The Pantry was compliant with its CUP and, on May 4, 2016, the Board unanimously approved the Pantry's request to amend the CUP, which allowed an expanded display area for alcoholic liquor and wine.[1] The amended CUP included the following conditions:

(6) The business shall institute a strict no loitering policy, conspicuously post one or more "No Loitering" signs, and cooperate with police in addressing any loitering on the premises.
(7) Litter and trash receptacles shall be located at convenient locations inside and outside the premises, and operators of the business shall remove all trash and debris from the premises and adjoining public areas on a daily basis.
(8) Any renovation on the site shall be in compliance with all applicable building and fire codes, with issuance of all necessary permits by the Permit and Development Center.
(9) If the Zoning Enforcement Officer determines at any time that the operation of such a business becomes a nuisance, exhibits a pattern of violating the conditions set forth in the Conditional Use Permit, or violates the requirements of City Code Section 134-954(c), the Zoning Enforcement Officer may apply to the Board to reconsider the issuance of the Conditional Use Permit.

         The Pantry has never been cited for a violation of the conditions of its CUP or amended CUP.

         On October 16, 2017, Neighborhood Inspection Zoning Administrator SuAnn Donovan sent a letter to the Pantry's owners, Shahid and Aileen Mahmood, stating she was seeking a reconsideration of the CUP because the business had become a nuisance:

Reports from the City of Des Moines Police Department, security guards with the Financial Center and area residents [cite] loitering, alcohol sales to intoxicated persons and criminal behavior and patrons causing problems for the people in the area and residents in the Fleming Building which create an attractive nuisance in the neighborhood.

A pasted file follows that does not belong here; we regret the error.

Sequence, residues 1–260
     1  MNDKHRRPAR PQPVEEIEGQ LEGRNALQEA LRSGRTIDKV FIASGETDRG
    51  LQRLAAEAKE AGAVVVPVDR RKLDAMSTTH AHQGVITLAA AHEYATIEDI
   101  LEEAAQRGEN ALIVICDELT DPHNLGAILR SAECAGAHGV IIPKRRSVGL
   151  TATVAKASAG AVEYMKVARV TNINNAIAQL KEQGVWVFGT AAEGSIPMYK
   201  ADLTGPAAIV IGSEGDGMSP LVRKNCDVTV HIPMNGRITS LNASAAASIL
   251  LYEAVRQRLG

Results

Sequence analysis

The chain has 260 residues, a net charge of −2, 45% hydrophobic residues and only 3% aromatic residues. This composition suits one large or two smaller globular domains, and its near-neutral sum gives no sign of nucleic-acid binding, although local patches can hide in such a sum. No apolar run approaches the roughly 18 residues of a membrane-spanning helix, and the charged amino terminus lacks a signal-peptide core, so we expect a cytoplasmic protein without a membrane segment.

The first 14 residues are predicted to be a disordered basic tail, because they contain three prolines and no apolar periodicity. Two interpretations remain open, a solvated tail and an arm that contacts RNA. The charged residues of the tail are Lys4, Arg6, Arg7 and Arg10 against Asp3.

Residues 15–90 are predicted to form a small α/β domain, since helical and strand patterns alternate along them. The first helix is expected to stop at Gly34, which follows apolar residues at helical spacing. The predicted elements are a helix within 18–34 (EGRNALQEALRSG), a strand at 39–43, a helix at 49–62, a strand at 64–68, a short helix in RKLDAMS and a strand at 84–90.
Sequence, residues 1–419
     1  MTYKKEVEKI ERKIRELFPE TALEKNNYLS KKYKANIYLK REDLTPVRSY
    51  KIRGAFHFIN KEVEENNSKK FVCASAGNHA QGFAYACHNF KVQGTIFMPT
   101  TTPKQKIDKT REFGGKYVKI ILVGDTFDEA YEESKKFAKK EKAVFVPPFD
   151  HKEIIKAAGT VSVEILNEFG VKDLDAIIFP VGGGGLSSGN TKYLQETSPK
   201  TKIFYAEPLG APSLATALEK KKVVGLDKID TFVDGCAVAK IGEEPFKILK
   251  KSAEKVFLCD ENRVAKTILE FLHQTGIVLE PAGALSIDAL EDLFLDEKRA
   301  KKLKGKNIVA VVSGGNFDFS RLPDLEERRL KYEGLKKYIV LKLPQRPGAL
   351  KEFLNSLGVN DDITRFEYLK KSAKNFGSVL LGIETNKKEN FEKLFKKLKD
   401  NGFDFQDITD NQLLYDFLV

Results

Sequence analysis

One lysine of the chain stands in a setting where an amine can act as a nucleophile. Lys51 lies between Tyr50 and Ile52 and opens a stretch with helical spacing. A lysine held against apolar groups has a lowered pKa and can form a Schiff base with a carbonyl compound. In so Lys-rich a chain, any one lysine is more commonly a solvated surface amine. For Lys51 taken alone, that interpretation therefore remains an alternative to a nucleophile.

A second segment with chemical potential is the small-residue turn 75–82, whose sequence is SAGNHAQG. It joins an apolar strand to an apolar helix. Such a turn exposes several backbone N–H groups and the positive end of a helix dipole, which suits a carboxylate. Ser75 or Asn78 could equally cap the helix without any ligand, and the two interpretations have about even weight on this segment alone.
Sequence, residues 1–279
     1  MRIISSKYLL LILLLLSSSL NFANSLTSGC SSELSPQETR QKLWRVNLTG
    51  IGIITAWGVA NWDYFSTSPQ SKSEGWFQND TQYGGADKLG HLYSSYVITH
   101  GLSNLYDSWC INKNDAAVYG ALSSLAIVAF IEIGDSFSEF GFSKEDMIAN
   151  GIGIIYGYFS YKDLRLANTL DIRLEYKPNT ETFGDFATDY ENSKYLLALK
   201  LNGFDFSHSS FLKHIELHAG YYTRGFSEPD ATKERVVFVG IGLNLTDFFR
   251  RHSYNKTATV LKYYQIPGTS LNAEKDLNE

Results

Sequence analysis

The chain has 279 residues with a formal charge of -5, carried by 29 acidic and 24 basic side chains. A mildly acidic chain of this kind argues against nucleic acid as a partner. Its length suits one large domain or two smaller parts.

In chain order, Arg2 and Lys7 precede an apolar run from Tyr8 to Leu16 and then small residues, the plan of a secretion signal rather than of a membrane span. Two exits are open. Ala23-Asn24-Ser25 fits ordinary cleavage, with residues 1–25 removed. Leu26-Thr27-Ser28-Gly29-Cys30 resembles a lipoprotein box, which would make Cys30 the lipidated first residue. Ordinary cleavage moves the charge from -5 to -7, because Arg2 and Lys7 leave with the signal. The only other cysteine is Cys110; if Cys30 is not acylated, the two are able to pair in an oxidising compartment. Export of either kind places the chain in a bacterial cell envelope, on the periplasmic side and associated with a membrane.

Attached to the letter was Donovan's application for rehearing, which was to be heard at the November 15 Board meeting. That notice indicated the application alleged "the conduct of the business has become a nuisance to the surrounding neighborhood."

         In response to the Pantry's owners' requests for a meeting with Donovan, Donavan wrote to their attorney:

I am all about reaching a compromise and in most cases we can work toward a mutually beneficial outcome. In this case the sale [of] alcohol in this location is the cause of the resulting nuisance behavior in the area. I see no conditions that would allow the alcohol sale and eliminate the resulting nuisance. Therefore, we have no room for negotiation and a meeting would be fruitless.

         At the Board meeting, Donovan presented several exhibits, including a letter from the Des Moines Downtown Chamber, which Donavan summarized as objecting to the "clientele" of the Pantry, and neighboring businesses objecting to the concentration of persons from the nearby homeless shelter sitting on benches at the corner. She offered a list of police reports "to the general vicinity" where she asserted "we have people hanging around that area panhandling, harassing people, passing out. All sorts of bad behavior in that area."

         The attorney for the Pantry addressed the Board and argued the Pantry was being unfairly and unreasonably blamed for the criminal activity taking place in a problematic area of the city:

So today I would ask you to consider what role the Downtown Pantry is playing in the criminal activity that's taking place in this part of Downtown.
Because if you're familiar with downtown Des Moines, Sixth and Walnut between Third and Court and Eighth and Walnut, which is what the maps that the police have provided us with this problematic area, that, I would consider, and I think most would consider, to be the central hub of downtown Des Moines. People coming and going. The DART bus station, the new Hy-Vee, large office buildings. So where more ...